The Chromatic Mpact multimedia chip provides an astounding number of functions in one $150 subsystem and, moreover, provides a glimpse of what may be standard in next-generation business PCs, including:
--Full-screen, full-motion MPEG-2 playback
--3D graphics using Microsoft?s Direct 3D API
--A host of sound functions including very-high-quality AC-3 audio, wavetable synthesis, and 3D sound
--ISDN and POTS videoconferencing
"It does all of this. What they?re saying is true," said Nathan Brookwood, an analyst at Dataquest, a market research firm in San Jose, California.
Surprisingly, Chromatic expects the chip to find its way into more business PCs than consumer PCs.
"Companies are now beginning to see that multimedia is not just for games anymore...3D Web content is going to be a phenomenal thing," Brookwood added.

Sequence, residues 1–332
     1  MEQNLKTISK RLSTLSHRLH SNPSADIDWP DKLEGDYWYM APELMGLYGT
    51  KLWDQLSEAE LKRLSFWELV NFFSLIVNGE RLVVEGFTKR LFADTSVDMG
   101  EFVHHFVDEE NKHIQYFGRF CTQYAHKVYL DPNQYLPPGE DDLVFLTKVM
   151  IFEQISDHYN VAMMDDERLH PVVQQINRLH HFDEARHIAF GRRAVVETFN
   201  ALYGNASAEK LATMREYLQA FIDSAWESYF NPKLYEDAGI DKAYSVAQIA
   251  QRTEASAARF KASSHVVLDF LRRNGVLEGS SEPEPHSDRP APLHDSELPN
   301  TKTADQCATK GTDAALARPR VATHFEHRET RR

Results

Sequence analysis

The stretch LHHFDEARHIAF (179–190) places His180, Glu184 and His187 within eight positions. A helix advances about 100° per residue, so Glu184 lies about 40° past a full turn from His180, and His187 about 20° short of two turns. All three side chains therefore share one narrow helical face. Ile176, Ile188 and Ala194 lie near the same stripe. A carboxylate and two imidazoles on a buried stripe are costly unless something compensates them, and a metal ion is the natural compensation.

Just as important, Chromatic foreshadows to some extent what Microsoft proposes with its Talisman architecture, due to hit the market in force in the second half of 1997, Brookwood adds.
Chromatic?s Mpact, like Talisman, handles almost all of a PCs multimedia needs in one relatively inexpensive subsystem, eliminating the need for a number of separate add-in cards.
Mpact, also like Talisman, uses a high-performance Rambus memory architecture and plugs into the PCI bus.
Moreover, similar to Talisman, the basic premise challenges Intel?s concept of a "host"-based MMX multimedia solution where more of the multimedia tasks are handled by a Pentium or P6 family processor.
"The message is similar to MMX" Brookwood said, because like MMX users will get more bang for the buck from a chip that?s going to be part of the basic PC system anyway.
But instead of a Pentium or P6, with the Chromatic and Talisman approach "you?re saying I'm going to spend money on a graphics processor anyway so why not have it do all these other things," he said.